Community health service is NOT a crime: Release the 43!

February 18, 2010

Hong Kong Coalition for the Advancement of Human Rights and Peace in the Philippines (HKCAHRPP)

While community-based health service is seen as noble by most people, Gloria Arroyo and her ilk apparently see it as an act of terrorism.

The Hong Kong Campaign for the Advancement of Human Rights and Peace in the Philippines (HKCAHRPP) joins the international community in strongly condemning the illegal arrest, detention, torture and intimidation of the 43 community health workers by the Philippine military and police on February 6, 2010.

Disclaimer | What you are reading is either a press release/ statement or a manifesto. These materials do not go through our editorial process and do not reflect our policy or position.

What they were subjected to was unjust, inhuman and deserving of the people’s outrage. For the first few days of their arrest, the 43 health workers, now known as the Morong 43, were handcuffed for 36 hours, subjected to torture, intense interrogation and sexual abuse. Only after five days of incarceration were criminal charges filed against them.

The military itself is caught in their own cacophony of lies as they accused the Morong 43 of being members of the Military Department and later the Health Department of the Communist Party of the Philippines. The military has stuck, however, with the accusation that they were undergoing training to make explosives.

We support and stand by the statements released by families and co-workers of the Morong 43 that they were undergoing a First Respondents Training for Health Workers sponsored by the Community Medical Foundation Inc. (COMMED) at the time of their arrest.

This recent breach of human rights is an addition to the very long list of crimes committed by the Arroyo administration and the Philippine army against the Filipino people. It is most definitely a part of the administration’s counterinsurgency scheme called Operation Plan Bantay Laya (Guard Freedom).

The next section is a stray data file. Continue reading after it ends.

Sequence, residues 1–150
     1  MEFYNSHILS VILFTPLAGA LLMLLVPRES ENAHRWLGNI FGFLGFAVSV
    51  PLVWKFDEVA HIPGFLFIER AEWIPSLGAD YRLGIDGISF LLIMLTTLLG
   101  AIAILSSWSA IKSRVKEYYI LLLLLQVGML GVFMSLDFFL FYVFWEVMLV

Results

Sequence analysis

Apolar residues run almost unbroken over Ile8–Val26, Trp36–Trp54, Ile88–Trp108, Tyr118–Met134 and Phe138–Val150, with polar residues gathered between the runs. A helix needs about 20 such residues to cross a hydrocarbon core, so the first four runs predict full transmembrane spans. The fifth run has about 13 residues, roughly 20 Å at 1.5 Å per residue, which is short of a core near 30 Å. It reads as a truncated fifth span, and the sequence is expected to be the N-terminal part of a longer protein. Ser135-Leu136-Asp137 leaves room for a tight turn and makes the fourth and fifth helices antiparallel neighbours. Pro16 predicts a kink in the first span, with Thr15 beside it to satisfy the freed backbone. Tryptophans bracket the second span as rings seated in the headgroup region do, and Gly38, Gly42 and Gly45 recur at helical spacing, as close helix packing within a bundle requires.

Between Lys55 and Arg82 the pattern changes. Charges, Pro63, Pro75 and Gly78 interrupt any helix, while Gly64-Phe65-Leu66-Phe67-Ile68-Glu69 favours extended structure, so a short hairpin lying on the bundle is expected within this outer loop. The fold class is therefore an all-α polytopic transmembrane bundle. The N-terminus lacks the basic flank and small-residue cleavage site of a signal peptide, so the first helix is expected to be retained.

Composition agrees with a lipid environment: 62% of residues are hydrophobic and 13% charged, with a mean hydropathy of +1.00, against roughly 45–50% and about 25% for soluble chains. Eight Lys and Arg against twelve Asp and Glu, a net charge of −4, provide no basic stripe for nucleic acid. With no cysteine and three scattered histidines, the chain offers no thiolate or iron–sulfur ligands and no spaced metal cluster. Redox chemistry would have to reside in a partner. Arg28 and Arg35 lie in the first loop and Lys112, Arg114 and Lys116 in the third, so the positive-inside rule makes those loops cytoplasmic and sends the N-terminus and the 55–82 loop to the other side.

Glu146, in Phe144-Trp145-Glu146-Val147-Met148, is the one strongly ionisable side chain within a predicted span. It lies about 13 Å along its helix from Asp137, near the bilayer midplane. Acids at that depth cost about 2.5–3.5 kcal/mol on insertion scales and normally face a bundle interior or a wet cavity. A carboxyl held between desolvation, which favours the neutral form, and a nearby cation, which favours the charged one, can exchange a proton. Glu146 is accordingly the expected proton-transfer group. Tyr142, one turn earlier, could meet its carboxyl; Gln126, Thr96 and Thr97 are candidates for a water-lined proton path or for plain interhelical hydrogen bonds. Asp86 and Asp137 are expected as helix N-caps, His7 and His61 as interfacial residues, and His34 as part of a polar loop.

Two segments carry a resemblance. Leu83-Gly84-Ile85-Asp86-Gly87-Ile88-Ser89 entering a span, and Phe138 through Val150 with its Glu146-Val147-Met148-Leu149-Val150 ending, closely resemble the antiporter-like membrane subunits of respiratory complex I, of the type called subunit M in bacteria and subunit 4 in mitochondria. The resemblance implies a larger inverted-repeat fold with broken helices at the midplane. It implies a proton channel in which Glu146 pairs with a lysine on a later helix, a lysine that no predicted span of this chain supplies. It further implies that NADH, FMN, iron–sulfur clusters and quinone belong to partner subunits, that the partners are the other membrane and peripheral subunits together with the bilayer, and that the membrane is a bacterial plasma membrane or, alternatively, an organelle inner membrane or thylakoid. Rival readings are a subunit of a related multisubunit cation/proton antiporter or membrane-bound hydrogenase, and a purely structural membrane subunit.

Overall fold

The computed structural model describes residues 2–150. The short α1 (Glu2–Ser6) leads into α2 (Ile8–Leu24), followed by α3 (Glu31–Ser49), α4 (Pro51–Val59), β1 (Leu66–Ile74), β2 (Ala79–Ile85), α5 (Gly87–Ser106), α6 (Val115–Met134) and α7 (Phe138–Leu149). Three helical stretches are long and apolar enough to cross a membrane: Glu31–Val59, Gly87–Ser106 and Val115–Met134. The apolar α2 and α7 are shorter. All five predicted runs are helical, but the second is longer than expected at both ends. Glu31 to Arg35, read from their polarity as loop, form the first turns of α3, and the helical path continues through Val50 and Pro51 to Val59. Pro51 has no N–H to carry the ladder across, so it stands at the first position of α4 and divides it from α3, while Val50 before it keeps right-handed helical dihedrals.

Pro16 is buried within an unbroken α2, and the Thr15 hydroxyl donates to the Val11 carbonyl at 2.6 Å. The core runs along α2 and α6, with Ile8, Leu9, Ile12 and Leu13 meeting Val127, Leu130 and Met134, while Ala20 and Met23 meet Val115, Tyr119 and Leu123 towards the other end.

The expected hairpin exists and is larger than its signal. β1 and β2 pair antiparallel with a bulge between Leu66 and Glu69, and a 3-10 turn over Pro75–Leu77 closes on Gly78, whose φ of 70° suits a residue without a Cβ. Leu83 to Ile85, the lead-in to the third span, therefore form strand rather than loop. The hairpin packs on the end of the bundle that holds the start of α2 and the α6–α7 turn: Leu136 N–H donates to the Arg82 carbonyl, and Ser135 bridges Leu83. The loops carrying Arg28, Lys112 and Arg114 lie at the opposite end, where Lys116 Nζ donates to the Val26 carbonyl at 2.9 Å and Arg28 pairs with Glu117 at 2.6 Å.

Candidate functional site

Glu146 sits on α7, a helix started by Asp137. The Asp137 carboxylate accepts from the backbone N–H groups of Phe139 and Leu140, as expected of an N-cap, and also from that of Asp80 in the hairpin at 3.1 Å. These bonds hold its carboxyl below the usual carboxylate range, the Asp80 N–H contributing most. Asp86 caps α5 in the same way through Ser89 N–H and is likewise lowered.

Despite the growing international condemnation it has received, President and Commander in Chief Arroyo remains mum about the whole issue. Is this an admission of her guilt? Will she have to wait for other governments and the United Nations to speak before she makes a move?

Already migrant workers, health workers and church leaders around the world have issued statements and sent appeals, like the Christian Conference of Asia (CCA), Asian Human Rights Commission (AHRC) and the World Council of Churches.

There is no greater crime than to let impunity reign in our country. From the reckless red-baiting of activists, lawyers and journalists, now this murderous administration of Gloria Arroyo is out to get anyone who stands in her way. Even health workers are not spared.

The HKCAHRPP thus calls for the immediate and unconditional release of the Morong 43 as well as an immediate and independent investigation of the case. This incident begs for the enforcement of Republic Act 9745, or the Anti-Torture Act of 2009, in addition to the call for the immediate end to the Oplan Bantay Laya’s implementation. Prosecution under this law will indicate whether this recently enacted legislation is meant to stop the use of torture in the country or is merely an empty gesture to appease the international community. Justice should be served to the 43 health workers who have been wronged by the military, and hence, those who perpetrated this crime should be punished. #

For reference: Bruce Van Voorhis, convenor
Eman Villanueva, convenor
Necta Montes-Rocas, convenor

Hong Kong Campaign for the Advancement of Human Rights and Peace in the Philippines

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